The IT Process Trap


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The IT Process Trap

  1. 1. WHITE PAPER Automation | January 2009 the IT process trap Unleashing latent productivity, savings and measurable business advantage through end-to-end IT Process Automation Rob Crutchley Solutions Architect we can
  2. 2. White Paper: The IT Process Trap table of contents executive summary 01 Section 1 Where IT process traps hold businesses back 02 Section 2 A fresh look at IT Process Automation opportunities 03 Section 3 Case history: Unleashing IT to drive business innovation 05 Section 4 Conclusions 07 About the Author 08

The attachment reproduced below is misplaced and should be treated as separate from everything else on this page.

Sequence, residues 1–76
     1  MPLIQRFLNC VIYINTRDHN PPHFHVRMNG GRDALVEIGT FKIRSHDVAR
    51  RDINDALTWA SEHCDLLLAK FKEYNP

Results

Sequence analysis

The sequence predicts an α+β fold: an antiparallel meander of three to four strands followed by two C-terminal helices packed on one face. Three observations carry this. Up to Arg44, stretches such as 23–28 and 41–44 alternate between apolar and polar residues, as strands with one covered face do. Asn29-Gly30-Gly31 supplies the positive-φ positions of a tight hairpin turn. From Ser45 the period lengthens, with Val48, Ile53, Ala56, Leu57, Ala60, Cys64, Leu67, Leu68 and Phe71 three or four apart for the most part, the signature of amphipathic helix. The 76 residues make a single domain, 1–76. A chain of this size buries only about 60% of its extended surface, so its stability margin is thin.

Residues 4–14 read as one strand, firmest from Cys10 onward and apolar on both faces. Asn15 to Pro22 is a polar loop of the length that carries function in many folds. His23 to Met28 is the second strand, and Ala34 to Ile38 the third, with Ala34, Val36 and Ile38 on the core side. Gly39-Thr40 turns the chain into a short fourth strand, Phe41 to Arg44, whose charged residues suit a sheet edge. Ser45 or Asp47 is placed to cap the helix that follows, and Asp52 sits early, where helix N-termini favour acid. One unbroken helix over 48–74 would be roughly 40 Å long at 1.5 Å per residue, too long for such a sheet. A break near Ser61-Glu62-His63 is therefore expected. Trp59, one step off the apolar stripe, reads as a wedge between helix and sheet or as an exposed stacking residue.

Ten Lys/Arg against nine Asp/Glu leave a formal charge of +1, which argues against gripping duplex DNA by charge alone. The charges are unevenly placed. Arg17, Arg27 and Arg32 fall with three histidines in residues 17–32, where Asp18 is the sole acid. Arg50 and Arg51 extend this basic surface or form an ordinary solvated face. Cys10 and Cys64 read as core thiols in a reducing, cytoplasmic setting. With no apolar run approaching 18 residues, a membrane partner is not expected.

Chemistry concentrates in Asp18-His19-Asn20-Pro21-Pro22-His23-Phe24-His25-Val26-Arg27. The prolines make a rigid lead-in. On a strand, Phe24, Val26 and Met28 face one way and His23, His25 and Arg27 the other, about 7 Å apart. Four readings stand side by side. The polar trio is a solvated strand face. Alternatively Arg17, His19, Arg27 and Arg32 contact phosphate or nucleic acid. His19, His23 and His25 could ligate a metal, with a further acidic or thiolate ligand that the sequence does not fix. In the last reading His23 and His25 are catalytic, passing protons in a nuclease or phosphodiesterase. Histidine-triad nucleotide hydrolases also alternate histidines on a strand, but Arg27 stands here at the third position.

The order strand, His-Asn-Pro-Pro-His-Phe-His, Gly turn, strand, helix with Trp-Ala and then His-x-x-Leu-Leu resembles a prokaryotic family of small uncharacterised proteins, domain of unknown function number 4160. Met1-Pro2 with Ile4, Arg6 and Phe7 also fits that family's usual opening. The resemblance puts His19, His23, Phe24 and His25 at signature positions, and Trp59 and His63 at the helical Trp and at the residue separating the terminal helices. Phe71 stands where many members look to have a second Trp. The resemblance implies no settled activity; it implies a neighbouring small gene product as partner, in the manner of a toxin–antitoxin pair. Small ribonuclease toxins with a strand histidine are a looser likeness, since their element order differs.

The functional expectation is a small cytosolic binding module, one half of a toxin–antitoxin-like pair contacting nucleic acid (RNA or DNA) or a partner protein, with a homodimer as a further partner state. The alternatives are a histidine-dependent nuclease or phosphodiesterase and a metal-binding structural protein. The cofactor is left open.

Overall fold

3. 3. White Paper: The IT Process Trap executive summary Challenge Within even the most efficient Australian organisations, convoluted and inefficient IT processes still lurk that not only dampen productivity – but also, more insidiously, hamper business and competitive agility. Long-entrenched productivity traps in IT processes such as human dependencies, single points of failure, and cumbersome workflow sequences lengthen delivery times and incur unnecessary cost. Worse, they retard a business’ ability to respond quickly to market threats and opportunities. In these circumstances, IT is viewed as a constraint rather than a contributor to achieving business goals. Compounding these problems: unwieldy processes frustrate skilled staff by forcing them to devote inordinate time to manual or mundane procedures that could be easily automated. Opportunity While IT Automation has existed in one form or another for decades, today a new level of IT Process Automation offers potential to unleash unprecedented levels of productivity — and put IT front and centre in achievement of business goals. The greatest opportunity lies in examining business-critical IT processes from a fresh perspective — evaluating their contribution to defined business goals — and then streamlining and automating their operation end to end, to eliminate unnecessary duplication or delays. With this higher level of IT Automation, even the most efficient enterprises can unleash substantial ”trapped” productivity and savings — transform IT’s reputation — help reinvigorate and retain skilled technical staff — and contribute directly and measurably to business success. Proof CA has developed a new model for end-to-end analysis, redesign and automation of IT Processes that reaps significant, immediate dividends. Working with a major financial organisation to redesign just one technology supply process, CA has assisted the customer to: • Slash human effort from more than a month to less than a day • Reduce standard software installation time from 10 days to 5 hours • Reduce the total average supply time from more than 100 days to just 10 In addition to these immediate benefits, the redesign has also: • Given IT’s internal reputation a massive boost – enabling the business to plan new initiatives confident that IT can deliver in a timely way • Armed the enterprise with a replicable platform for addressing future automation projects and quantifying IT’s contribution to achieving business goals 01